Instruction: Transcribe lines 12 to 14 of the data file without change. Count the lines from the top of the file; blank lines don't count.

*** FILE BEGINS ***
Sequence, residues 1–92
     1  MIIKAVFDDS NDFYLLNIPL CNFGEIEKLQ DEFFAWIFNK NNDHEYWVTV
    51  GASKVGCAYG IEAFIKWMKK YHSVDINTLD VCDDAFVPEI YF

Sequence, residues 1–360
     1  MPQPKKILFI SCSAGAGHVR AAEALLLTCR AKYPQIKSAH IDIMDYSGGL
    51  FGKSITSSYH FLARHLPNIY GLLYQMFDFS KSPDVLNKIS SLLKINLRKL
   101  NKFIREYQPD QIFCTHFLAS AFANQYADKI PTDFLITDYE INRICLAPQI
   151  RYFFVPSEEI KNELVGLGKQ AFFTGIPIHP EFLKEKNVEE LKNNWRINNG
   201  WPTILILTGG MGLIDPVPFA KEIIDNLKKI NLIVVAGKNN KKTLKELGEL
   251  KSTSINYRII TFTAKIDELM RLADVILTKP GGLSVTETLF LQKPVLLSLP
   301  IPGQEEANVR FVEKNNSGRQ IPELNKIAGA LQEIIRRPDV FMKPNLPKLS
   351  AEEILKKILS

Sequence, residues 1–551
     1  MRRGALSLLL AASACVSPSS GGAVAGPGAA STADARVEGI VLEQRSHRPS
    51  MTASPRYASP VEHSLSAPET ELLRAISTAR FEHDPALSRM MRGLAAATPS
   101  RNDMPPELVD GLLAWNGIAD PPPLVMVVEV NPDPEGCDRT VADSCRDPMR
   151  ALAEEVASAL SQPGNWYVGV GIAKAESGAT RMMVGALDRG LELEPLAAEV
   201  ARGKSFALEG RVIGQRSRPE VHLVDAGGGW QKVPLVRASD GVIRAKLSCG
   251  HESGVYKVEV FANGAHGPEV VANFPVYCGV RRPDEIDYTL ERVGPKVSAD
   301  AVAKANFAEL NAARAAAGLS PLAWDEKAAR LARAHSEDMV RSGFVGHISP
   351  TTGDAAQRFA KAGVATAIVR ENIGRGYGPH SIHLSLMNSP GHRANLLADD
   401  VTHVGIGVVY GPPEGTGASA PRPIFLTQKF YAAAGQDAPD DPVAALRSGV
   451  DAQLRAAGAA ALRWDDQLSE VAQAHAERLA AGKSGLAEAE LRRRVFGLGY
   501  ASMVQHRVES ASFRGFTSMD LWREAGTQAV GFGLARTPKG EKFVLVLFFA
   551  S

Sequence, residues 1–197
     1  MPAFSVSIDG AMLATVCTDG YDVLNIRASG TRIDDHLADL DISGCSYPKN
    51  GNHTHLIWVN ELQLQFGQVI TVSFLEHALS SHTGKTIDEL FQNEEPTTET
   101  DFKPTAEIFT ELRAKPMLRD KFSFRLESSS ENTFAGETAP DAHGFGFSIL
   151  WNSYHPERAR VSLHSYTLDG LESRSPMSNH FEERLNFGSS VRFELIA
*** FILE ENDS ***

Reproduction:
   351  AEEILKKILS

Sequence, residues 1–551
     1  MRRGALSLLL AASACVSPSS GGAVAGPGAA STADARVEGI VLEQRSHRPS